The state has been found by auditors for the second time in the last few weeks to be overbilling the federal government for services provided by the Departent of Children and Families.
Last month, the state agency responsible for children who are abused, neglected, delinquent or in need of mental health services was found by the U.S. Department of Health and Human Services’ Office of Inspector General to be charging the federal government too much for the training of its employees. That resulted in the state receiving $1.3 million more than the state qualified for.
Today, the Connecticut Auditors of Public Accounts informed Gov. Dannel P. Malloy that another $1.7 million was reimbursed by the federal government for children that were not living at the department’s two mental health institutions.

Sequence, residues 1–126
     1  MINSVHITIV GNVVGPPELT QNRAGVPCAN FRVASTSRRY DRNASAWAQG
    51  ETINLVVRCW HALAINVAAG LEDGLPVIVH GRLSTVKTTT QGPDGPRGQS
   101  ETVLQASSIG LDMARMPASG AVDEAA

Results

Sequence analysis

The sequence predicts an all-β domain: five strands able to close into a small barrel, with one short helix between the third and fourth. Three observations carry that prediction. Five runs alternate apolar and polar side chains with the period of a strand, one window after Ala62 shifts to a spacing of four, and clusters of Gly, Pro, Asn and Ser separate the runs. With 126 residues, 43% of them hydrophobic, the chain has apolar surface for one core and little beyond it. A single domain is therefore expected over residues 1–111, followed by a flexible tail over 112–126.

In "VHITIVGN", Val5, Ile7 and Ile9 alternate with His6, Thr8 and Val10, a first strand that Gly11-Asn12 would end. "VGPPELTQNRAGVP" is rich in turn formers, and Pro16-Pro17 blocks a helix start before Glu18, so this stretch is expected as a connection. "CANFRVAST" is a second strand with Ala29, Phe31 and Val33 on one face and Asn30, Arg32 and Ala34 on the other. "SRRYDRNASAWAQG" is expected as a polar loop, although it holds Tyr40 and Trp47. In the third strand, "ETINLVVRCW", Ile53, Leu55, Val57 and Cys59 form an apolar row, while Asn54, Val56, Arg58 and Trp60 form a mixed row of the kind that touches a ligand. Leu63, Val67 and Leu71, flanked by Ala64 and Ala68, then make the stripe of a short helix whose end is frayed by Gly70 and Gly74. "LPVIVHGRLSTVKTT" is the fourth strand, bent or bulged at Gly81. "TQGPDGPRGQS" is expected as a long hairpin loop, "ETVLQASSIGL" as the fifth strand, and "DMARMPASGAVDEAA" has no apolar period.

Jacqueline was CT Mirror’s Education and Housing Reporter, and an original member of the CT Mirror staff, joining shortly before our January 2010 launch. Her awards include the best-of-show Theodore A. Driscoll Investigative Award from the Connecticut Society of Professional Journalists in 2019 for reporting on inadequate inmate health care, first-place for investigative reporting from the New England Newspaper and Press Association in 2020 for reporting on housing segregation, and two first-place awards from the National Education Writers Association in 2012. She was selected for a prestigious, year-long Propublica Local Reporting Network grant in 2019, exploring a range of affordable and low-income housing issues. Before joining CT Mirror, Jacqueline was a reporter, online editor and website developer for The Washington Post Co.’s Maryland newspaper chains. Jacqueline received an undergraduate degree in journalism from Bowling Green State University and a master’s in public policy from Trinity College.